Artificial Intelligence at the top for 2019’s tech trend

By Arlene Wherrett, Vice President and Managing Director, Sage Asia (picture)

In 2018, Malaysia has made leaps in tech adoption, with more companies adopting technology solutions and transforming its operations. Investments from Alibaba into Malaysia’s City Brain, in collaboration with Malaysia Digital Economy Corporation and Dewan Bandaraya Kuala Lumpur, an artificial intelligence-based smart city solution, to manage traffic at Kuala Lumpur is one of it.

The allocation of RM210 million for the Readiness Assessment Programme and RM3 billion for the Industry Digitalisation Transformation Fund in the 2019 Budget to improve the adoption of Industry 4.0 related technologies is another leap. However with the new taxation law; the Sales and Services Tax (SST) here in Malaysia can pose significant challenges for businesses operations.

What are the trends that will take place in Malaysia?

1. Artificial Intelligence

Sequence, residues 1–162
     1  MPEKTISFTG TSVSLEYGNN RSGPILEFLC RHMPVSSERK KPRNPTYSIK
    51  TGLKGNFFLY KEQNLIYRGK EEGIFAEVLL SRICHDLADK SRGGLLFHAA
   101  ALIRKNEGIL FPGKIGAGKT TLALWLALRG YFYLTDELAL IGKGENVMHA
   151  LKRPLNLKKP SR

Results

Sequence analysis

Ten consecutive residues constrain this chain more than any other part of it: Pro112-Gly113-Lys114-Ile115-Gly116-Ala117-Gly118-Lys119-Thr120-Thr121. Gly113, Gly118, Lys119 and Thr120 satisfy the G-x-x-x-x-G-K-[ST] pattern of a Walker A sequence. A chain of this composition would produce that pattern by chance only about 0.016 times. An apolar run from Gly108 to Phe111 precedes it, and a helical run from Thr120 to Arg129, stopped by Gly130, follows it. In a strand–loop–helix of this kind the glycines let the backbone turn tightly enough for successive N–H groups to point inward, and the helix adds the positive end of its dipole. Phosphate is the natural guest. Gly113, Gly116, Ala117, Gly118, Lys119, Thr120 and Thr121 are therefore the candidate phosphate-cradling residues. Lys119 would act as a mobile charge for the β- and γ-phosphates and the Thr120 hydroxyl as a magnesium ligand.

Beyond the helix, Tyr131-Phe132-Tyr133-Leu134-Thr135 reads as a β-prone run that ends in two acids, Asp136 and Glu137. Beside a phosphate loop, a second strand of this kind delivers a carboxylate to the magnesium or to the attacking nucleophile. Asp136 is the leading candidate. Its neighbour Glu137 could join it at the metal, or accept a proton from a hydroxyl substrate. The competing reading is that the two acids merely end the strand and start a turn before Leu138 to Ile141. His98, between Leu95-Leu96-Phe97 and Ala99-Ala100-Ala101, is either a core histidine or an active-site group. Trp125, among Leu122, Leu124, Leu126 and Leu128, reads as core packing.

Artificial intelligence (AI) has been on the radar for years now but we see it being key in helping businesses cut back on time spent on repetitive tasks and better allocate resources to boost productivity in the coming year. At the time of writing, Sage’s real-time productivity tracker estimates that lost productivity due to administrative work has cost businesses in neighbouring Singapore over S$8 million, in 2018.

2. Cloud-based solutions
As businesses continue to drive towards efficiency and better cost control, cloud-based solutions such as pay-as-you-use software as a service (SaaS) will become more popular and readily adopted, especially here in Asia.

According to a recent IDC report, the Asia Pacific SaaS market is set to reach US$4 billion by 2019, with 80% of new software from independent software vendors (ISVs) being delivered in a SaaS-based model.

3. Connected platforms
Several Asian cities have already embarked on connected platform projects that spans across the public and private sectors in a bid to transform themselves into smarter cities, eg. taking a leaf out of their book, businesses will increasingly invest in connected platforms that enable them to combine data across business units, allowing them to generate real-time insights, make faster and better-informed decisions and quickly increase business opportunities.

A study by PWC on smart cities in Southeast Asia indicated that Singapore and Malaysia are far ahead of all other Southeast Asian countries in terms of communication infrastructure and connectivity.

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